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Online průvodci Thomann: Cymbals

3. Drum Kit Cymbals

Ride Cymbal

Ride cymbals are usually played in a repetetive rhythm to convey the basic feel and rhythmic subdivision of the music. Ride cymbals come in different sizes, from 18 inches up to 24 inches in diameter, and offer a wide range of tonal properties, as do all cymbals. When choosing a ride cymbal, there are different aspects to its sound that must be considered.

The Sound: The ping is the bright sound of the stick’s impact, which provides definition to your rhythms. The wash is the darker underlying roar that can build up when playing a ride cymbal. The amount of ping and wash should be in proportion to each other for the styles of music you play. If there is too much wash, your cymbal rhythms will lack definition especially at higher volumes and tempos, but if there is too little wash, the cymbal will sound “dry”, or lack the sustain a ride cymbal usually provides. There are many factors that affect a cymbal’s sound but thickness is the crucial variable here. Heavy metal drummers often choose thicker ride cymbals with a lot of ping that can cut through loud music, and jazz drummers often prefer thinner ride cymbals with more wash that sound better when played at lower volumes. Don’t forget to check the ride’s bell. Most ride cymbals have a raised and thicker area in their center called the bell, which when struck produces a more defined, bright and often piercing sound that can easily cut through loud music. Kit drummers often use the bell to imitate the sound of a cowbell pattern for Latin music styles. When evaluating cymbals, ask yourself some questions. Is it easy to get a clear bell sound from the cymbal? What style of music do you primarily play? Does the cymbal sound good at the volume levels you require? Is there enough ping in the sound and is the wash controllable? How does it sound as you crescendo? Is the cymbal’s pitch too high or too low for your needs? When selecting cymbals, it can be very helpful to ask a friend to play the cymbal while you stand a distance away from it to get a better idea how it will sound from the audience’s perspective.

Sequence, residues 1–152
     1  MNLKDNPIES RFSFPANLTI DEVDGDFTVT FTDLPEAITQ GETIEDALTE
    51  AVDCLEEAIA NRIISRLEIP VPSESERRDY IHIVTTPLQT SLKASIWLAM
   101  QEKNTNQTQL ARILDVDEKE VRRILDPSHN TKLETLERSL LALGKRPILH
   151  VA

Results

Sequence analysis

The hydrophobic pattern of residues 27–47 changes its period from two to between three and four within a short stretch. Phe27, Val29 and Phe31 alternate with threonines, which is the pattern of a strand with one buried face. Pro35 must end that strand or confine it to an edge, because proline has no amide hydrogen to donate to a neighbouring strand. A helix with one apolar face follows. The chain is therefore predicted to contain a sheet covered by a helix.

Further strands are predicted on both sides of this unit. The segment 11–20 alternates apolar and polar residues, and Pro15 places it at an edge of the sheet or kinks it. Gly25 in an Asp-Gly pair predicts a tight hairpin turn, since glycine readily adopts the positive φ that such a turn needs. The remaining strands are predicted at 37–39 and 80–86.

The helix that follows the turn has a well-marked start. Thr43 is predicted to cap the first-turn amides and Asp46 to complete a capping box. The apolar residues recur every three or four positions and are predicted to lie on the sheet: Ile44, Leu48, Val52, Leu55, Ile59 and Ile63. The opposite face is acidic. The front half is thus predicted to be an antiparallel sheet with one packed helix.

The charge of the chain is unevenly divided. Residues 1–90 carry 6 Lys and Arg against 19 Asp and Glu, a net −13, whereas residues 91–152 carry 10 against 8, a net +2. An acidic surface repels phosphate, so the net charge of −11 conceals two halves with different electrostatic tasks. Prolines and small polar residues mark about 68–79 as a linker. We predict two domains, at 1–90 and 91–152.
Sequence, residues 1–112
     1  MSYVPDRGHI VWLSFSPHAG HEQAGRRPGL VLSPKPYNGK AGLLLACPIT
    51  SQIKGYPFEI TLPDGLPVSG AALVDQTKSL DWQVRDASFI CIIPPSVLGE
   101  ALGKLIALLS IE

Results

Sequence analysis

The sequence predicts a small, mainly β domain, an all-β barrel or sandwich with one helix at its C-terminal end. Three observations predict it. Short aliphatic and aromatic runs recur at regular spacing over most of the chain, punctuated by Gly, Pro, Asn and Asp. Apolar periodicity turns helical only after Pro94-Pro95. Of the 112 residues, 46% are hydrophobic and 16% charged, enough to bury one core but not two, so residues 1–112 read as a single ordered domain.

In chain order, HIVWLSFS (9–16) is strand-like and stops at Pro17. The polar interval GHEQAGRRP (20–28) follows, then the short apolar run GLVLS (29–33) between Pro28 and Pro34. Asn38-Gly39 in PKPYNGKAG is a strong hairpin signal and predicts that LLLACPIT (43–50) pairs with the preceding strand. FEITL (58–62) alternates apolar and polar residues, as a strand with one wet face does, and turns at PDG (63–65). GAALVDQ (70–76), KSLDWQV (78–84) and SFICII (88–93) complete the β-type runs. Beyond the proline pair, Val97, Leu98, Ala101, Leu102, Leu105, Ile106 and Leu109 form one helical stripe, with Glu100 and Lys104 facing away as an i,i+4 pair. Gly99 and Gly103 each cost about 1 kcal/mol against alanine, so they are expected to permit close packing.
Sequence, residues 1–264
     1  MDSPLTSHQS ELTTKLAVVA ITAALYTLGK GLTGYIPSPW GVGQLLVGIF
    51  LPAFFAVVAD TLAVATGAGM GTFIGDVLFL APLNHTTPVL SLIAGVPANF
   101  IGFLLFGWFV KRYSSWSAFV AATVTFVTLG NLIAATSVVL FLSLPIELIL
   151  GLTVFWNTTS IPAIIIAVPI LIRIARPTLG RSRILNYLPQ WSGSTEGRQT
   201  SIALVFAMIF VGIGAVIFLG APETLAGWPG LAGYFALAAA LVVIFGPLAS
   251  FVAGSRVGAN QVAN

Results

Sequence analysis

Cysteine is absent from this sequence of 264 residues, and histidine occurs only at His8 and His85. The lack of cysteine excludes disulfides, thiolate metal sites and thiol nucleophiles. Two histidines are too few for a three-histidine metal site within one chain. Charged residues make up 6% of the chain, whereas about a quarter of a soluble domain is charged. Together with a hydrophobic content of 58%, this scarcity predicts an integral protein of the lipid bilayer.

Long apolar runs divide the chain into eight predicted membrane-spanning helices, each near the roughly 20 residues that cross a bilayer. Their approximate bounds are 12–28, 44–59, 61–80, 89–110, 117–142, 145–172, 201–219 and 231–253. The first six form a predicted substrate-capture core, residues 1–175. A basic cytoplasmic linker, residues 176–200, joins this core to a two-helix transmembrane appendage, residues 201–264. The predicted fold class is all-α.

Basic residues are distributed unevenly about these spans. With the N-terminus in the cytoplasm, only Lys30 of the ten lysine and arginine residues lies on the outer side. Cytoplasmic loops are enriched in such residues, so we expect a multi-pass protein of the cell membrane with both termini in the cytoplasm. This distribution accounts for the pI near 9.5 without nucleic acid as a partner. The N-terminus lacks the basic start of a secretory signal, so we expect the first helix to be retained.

Crash Cymbals

Crash cymbals are often used at the end of drum fills, to play accent patterns or to outline song form transitions, for example when moving from the verse into the chorus. In very heavy styles of music, they can even be played like a ride cymbal for added volume and energy. Crash cymbals can range from 14 inches to 20 inches in diameter.

The Sound: Since crash cymbals are used for mainly for accents, check whether the cymbal can be played loudly enough for your style of music and whether it can also be played as softly as you need. How long does the crash sustain? What is the pitch of the crash? Do you hear how the diameter of cymbal in a model line affects its pitch? Note that higher-pitched and thicker crash cymbals tend to “cut” more through louder music and that thinner crashes react more quickly.

Hi-Hat Cymbals

Hi-hat cymbals are used in a similar fashion to a ride cymbal, to keep time and indicate the underlying pulse of a song. They are sold in pairs that are matched in diameter. The hi-hat cymbals are mounted on a hi-hat stand, which uses a foot pedal that moves the top cymbal up and down. By playing rhythms on the hi-hats and varying the pedal position you can create a wide variety of sounds from your hi-hats. They can be also be played with just the pedal to create either a “chick” sound or a “splash” sound. Drummers often play supporting rhythms with the hi-hat pedal while they play their ride cymbal. Hi Hat cymbals commonly range from 10 inches to 15 inches in diameter.

The Sound: Hi-hat cymbals should have a clearly defined chick sound when played with the pedal. You should choose a pair of hi-hats that complement the tone of your ride. 14-inch diameter hi-hats are the most commonly used size, but smaller hi-hats (13 inches and smaller) are also available and tend to have a higher pitch, respond quicker and produce lower volume than larger hi-hats. Be sure to check that the cymbals work well within the volume range of your playing.

Splash Cymbals

Splash cymbals are smaller versions of crash cymbals with much shorter sustain. Since they are small they can be used to play quick accented patterns. They are used frequently in Dixieland jazz and many other styles of music and commonly range from 6 to 12 inches in diameter.

The Sound: Splash cymbals offer brief bursts of high-pitched sound, very little sustain and lower volume than crash cymbals. Do the splash cymbal’s pitch and overtones match your other cymbals? If the sustain and volume are longer and louder than you’d like, consider a thinner or smaller model. Conversely, if the cymbal has too little sustain, explore thicker or larger models.

Effect Cymbals / China Cymbal

Besides the cymbals mentioned there are also special effect cymbals such as China cymbals, which offer sharp explosions of white noise, cymbals with rivets in them that sizzle as they decay and also gongs, which are really enormous cymbals played with a large mallet.

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